Wednesday, August 27, 2014

Five Free Horticulture and Gardening Online Classes

These free classes are great ways to expand your knowledge of horticulture, botany, and other gardening-related topics. These classes are offered free and are done completely online, there is no residency required. There is also no credit given for these classes; they are strictly for knowledge only.

Plants and Landscapes

Utah State University offers Plants and Landscapes classes. This class offers eight sections. They include an introduction, overview, summary, plant life cycles class, nomenclature, plant physiology, annuals and perennials, and landscape use. The videos in the courses can be streamed or downloaded.

Annuals and Perennials

The Annuals and Perennials course at Utah State University offers seven classes for the gardener or landscaper. They include an introduction, overview, summary, annuals, perennials, sustainability, and woody plants. Combined with the course above, it is a great overview of plant knowledge.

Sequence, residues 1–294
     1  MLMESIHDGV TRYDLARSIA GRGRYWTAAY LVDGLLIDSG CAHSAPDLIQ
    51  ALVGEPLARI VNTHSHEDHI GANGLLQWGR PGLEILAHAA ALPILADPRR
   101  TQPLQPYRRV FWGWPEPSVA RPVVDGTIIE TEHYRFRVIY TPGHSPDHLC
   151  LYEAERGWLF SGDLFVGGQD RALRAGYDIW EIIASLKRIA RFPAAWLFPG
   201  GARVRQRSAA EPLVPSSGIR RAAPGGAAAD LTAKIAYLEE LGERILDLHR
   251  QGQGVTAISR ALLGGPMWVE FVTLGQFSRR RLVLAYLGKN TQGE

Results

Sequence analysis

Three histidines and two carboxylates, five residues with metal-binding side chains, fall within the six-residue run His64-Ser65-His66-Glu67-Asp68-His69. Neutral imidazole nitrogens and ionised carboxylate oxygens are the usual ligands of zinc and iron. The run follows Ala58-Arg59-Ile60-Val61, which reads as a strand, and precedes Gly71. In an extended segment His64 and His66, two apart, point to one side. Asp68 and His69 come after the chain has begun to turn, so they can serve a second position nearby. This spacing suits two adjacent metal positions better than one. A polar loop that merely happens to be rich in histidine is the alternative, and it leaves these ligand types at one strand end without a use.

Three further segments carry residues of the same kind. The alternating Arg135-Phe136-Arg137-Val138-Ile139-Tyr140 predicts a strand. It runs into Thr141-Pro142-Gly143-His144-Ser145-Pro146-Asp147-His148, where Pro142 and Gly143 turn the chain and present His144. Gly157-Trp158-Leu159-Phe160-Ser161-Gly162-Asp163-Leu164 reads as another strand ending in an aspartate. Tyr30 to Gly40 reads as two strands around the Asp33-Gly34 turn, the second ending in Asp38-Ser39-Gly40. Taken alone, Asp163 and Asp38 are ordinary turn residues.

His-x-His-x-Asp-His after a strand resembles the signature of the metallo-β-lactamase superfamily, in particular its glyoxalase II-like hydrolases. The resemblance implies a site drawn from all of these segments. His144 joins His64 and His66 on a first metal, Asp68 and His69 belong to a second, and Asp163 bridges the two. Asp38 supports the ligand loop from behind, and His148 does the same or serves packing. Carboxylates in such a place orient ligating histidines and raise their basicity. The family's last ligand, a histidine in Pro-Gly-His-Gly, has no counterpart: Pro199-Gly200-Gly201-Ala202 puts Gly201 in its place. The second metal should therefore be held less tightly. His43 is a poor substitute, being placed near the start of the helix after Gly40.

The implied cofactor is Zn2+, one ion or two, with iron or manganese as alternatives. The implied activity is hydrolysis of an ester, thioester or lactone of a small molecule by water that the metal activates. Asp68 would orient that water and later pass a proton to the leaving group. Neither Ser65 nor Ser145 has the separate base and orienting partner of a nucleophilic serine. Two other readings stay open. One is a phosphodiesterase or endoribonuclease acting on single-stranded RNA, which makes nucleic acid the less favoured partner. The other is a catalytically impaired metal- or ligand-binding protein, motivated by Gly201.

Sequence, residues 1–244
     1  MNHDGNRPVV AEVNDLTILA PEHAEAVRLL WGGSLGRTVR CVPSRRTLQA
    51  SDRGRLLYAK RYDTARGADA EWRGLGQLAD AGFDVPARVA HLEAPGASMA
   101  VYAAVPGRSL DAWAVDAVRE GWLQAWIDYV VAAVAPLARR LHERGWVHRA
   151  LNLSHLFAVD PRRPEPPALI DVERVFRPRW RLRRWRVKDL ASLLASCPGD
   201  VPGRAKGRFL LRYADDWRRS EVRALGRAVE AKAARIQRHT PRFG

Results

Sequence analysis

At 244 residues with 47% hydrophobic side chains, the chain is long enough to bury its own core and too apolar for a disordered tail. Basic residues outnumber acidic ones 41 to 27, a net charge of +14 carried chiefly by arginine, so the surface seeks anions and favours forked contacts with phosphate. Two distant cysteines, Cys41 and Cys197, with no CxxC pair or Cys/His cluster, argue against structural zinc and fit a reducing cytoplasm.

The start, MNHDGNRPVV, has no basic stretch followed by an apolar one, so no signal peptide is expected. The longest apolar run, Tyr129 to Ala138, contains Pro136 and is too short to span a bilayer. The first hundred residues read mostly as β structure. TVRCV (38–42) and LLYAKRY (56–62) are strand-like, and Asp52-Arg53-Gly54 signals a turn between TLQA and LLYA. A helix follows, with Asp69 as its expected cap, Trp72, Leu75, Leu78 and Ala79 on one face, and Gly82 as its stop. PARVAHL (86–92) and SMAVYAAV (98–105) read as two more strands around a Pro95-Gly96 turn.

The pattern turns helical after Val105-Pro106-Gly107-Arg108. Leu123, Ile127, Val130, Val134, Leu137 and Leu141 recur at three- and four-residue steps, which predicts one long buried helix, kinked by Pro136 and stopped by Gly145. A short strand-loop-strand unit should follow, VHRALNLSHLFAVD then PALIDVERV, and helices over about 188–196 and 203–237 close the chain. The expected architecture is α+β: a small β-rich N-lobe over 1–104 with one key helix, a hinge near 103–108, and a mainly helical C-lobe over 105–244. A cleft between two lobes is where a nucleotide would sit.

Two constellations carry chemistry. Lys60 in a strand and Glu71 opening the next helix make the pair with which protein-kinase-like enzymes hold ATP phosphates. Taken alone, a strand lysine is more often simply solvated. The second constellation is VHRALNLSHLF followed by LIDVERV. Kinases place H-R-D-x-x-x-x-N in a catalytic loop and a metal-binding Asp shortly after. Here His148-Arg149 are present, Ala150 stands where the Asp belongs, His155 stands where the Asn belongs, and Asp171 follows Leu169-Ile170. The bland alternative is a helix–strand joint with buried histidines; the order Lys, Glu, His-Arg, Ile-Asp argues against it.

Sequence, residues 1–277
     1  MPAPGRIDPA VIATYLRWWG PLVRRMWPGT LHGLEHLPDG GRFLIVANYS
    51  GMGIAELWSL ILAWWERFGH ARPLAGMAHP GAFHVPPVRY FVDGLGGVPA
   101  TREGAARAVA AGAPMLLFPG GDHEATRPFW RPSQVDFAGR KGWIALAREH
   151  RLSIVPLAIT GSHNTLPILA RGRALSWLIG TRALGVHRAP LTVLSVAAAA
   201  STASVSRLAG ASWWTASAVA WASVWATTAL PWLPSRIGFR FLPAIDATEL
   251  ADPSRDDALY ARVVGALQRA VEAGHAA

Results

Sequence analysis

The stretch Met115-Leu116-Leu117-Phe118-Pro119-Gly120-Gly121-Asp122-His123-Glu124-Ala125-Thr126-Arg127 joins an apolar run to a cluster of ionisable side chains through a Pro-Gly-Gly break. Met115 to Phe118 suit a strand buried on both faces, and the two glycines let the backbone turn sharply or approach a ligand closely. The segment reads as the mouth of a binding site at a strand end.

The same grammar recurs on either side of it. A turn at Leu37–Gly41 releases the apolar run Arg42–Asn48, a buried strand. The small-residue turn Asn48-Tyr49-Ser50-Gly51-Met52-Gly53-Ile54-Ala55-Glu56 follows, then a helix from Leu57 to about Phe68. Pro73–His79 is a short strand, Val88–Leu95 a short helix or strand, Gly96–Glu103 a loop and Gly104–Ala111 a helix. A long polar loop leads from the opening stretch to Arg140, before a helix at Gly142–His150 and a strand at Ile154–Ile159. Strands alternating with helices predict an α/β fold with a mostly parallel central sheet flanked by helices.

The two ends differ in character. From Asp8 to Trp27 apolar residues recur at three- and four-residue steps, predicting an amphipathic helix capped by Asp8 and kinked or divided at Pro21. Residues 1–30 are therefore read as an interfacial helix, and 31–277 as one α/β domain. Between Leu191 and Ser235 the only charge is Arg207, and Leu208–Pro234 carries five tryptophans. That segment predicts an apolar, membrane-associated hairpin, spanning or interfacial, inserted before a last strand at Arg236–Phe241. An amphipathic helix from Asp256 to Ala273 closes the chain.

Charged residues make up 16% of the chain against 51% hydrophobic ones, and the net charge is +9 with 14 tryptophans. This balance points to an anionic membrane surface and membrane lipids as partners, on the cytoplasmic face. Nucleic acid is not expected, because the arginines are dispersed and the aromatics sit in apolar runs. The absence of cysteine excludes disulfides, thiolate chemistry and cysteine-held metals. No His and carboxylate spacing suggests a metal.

Planning and Preparing Your Garden

Offered by Brigham Young University, Planning and Preparing Your Garden has sections on soil preparation, planting for a defined space, and different gardening strategies. There is some minimum software requirements for the course and you'll need to make sure your machine is capable. There is a left side link to a software setup to make sure your machine can run the program.

Growing Vegetables, Fruits and Nuts

The Growing Vegetables, Fruits, and Nuts program at Brigham Young University is available online and is very different than most distance-learning courses. It offers a grading system, so those in the class can monitor their progress. This course offers three lessons and students are encouraged to work on their own gardens while keeping a journal for supplemental learning. The class features how to plant nut trees, appropriate gardening tools, problems in growing fruits, and vegetable growing.

Agriculture Science and Policy 1 & 2